6 Tips to Fight Injury
2. Manage swelling. If you feel you are the least bit swollen, ice the area religiously. If you can control the swelling, you can control the pain. The problem is, people HATE to ice. No one likes to be cold – and ice can be downright painful. I use these Hot Socks to keep me cozy. They really helped me endure the ice and make it a lot more comfortable.
3. Stretch. Now that it’s 2 days after my run, I can begin to feel my ankle tightening up due to tight calves and achilles. If I want to prevent issues, I need to keep those muscles and loosey-goosey. This is going to be key for me if I want to run on a regular basis again. Most injuries are due to tight or weak muscles. I am SUPER tight, so this is something I really have to work on. Here is a good video on how stretching can prevent (or help heel) common foot issues. These are the stretches I do that also help my ankle.
4. Listen to your body. Allow your body to recover before you beat it up again. Don’t rush things. It will be tempting to want to jump right back to your old routine, but going slow at first can prevent you from having to stop completely.
5. Don’t stop rehab. Most people quit rehabbing their injury when they quit hurting. The same way we shouldn’t wait until we have a bad injury to stretch or ice, we should continue the steps that helped us to heal as preventive measures too.
6. Consider your footwear. If you started having problems suddenly, think of what changed. Was it new shoes? Is it old shoes, and time for new shoes? For me, I believe it was going from a shoe with a greater drop to a flatter shoe (which I loved, but I don’t think they loved me). Most running shoes raise the heel 22-24mm off the ground while lifting the front of the shoe only 10-15mm off the ground. They call this ratio the “drop”. This tiny difference was enough to add more stretch in my Achilles, calves and surrounding ankle muscles/tendons with each repetitive step. This doesn’t mean I can’t go back to them, but not until I stretch more and get that area more flexible. Personally, I believe this also has a lot to do with wearing heels all these years – and then going to running practically flat-footed. So, this reinforces my need to stretch.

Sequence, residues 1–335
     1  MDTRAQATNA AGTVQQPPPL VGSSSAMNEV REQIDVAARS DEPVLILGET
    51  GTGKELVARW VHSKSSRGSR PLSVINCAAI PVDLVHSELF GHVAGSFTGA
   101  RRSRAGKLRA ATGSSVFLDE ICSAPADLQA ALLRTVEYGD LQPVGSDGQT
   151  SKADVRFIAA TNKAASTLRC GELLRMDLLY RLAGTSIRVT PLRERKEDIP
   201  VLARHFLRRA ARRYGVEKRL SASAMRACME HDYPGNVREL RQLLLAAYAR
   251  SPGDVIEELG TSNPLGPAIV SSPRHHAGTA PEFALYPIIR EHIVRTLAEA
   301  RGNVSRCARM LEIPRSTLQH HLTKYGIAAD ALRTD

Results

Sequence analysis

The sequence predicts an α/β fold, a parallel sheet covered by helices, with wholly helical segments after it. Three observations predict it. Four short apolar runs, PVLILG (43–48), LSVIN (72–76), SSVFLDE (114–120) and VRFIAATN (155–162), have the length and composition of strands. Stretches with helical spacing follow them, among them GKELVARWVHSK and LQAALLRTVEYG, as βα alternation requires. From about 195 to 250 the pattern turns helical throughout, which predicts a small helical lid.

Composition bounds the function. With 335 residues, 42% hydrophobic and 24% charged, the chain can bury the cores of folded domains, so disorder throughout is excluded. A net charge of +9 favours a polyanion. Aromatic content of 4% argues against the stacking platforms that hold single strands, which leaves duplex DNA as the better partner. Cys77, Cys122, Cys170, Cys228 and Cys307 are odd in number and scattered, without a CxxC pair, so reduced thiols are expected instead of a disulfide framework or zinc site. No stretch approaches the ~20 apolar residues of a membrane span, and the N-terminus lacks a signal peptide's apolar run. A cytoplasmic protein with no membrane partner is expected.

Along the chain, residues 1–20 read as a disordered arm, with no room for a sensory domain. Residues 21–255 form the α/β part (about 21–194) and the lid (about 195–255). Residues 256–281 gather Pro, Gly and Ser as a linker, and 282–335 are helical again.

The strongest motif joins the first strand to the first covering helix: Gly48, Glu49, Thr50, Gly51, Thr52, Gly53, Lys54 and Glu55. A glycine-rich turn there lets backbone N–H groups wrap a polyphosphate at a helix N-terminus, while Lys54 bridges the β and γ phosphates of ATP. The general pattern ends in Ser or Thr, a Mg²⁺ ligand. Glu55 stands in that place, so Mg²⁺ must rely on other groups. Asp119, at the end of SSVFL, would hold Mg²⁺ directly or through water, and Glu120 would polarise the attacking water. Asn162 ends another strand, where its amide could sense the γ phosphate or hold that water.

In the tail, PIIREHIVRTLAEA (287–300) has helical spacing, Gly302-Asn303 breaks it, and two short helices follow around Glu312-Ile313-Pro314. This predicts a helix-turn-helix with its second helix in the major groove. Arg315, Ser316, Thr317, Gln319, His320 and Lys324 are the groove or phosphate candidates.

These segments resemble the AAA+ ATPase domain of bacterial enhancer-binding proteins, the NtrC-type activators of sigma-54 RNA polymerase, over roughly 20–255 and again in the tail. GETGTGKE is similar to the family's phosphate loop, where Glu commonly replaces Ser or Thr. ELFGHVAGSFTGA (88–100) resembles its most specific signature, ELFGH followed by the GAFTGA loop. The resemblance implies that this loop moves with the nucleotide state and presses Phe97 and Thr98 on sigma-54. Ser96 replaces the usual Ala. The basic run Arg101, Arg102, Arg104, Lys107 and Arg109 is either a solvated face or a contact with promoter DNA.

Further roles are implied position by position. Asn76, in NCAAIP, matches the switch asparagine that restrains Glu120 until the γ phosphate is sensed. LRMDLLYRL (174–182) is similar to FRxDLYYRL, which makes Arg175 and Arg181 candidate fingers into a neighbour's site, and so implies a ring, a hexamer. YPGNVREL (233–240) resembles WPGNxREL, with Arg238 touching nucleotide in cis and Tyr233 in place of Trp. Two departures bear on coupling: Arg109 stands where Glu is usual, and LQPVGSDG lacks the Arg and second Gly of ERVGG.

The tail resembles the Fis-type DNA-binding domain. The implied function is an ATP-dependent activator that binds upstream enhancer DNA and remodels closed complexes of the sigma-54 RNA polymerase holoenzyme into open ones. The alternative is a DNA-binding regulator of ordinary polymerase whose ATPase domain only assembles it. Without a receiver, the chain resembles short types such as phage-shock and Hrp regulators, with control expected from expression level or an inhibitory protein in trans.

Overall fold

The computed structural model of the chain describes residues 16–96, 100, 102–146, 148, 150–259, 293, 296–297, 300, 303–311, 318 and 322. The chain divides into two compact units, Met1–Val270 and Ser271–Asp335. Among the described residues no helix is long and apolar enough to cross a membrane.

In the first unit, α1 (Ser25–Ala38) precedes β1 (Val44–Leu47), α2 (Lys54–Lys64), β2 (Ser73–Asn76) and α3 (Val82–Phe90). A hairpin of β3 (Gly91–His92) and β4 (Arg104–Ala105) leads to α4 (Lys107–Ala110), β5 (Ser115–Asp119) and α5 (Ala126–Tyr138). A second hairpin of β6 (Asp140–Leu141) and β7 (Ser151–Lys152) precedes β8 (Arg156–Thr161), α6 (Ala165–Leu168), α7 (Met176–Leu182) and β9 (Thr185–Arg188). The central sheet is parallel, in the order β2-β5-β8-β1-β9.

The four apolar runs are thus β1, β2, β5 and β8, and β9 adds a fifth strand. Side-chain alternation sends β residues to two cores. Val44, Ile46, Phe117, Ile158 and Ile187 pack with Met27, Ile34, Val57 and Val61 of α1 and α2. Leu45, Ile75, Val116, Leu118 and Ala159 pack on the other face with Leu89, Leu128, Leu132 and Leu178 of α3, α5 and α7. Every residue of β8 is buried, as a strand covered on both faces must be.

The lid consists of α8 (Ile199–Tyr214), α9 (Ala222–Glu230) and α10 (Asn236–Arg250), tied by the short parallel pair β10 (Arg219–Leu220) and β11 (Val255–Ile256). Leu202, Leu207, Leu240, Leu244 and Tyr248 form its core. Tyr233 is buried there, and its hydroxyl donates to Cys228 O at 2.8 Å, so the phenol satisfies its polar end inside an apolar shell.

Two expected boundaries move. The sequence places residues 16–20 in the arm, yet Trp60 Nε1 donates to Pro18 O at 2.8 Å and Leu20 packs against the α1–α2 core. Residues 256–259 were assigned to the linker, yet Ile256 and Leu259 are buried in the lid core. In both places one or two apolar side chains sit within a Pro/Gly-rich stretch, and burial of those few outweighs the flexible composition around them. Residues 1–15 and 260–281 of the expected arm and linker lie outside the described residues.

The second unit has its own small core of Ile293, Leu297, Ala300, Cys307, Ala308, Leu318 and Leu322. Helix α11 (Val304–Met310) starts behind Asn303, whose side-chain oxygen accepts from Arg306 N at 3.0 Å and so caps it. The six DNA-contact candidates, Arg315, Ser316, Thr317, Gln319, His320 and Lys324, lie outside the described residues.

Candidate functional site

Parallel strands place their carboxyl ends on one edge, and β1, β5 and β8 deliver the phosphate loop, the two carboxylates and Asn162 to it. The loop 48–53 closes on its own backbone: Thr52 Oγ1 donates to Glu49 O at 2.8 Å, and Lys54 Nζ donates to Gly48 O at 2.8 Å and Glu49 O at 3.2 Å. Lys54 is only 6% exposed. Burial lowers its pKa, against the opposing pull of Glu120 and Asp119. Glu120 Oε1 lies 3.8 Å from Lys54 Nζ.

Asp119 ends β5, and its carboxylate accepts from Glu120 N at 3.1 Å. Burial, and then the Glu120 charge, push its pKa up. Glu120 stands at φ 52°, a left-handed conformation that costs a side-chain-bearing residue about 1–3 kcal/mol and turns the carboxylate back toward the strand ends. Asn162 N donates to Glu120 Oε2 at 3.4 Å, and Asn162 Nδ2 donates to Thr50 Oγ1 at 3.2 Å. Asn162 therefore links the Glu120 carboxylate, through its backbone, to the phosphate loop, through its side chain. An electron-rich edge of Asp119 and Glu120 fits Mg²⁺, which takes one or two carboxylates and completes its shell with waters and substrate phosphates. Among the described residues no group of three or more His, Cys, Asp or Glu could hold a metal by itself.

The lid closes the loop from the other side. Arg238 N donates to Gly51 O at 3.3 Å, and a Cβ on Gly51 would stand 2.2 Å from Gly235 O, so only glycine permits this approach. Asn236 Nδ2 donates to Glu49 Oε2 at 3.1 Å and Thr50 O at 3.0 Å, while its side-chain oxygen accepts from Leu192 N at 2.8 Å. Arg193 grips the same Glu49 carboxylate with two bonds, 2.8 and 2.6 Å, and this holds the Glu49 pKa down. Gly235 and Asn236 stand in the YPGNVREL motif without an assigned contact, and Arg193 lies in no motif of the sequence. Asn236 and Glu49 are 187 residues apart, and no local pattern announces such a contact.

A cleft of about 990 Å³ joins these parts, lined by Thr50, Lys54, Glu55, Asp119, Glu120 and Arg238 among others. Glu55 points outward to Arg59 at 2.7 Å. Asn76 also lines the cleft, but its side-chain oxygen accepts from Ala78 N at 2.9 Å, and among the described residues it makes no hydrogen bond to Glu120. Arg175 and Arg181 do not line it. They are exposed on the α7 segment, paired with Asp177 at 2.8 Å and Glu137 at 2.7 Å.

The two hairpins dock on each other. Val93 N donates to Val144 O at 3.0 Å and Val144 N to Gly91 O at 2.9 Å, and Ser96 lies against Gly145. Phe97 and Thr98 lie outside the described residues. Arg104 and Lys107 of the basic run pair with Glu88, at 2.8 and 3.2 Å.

NOTE: Often times I say that running injuries can be due to shoe choice – but I don’t just mean poor shoes, I mean not the right shoes for YOU. Just because I love a shoe, doesn’t mean you will too. Reebok recommends rotating between 2-3 pair of shoes to avoid damage due to repetitive action.
CLICK HERE to Learn More About Choosing the Right Show for You
FitFluential LLC compensated me for this post. All thoughts and opinions are my own.
If you’ve ever stepped out of bed in the morning, only to find you barely could walk across the floor without this crazy sudden heel pain, then you may have Plantar Fasciitis. Typically, as you continue to walk, the pain will let up – but don’t be fooled. This problem will only get worse if unattended – and could potentially turn into a bone spur.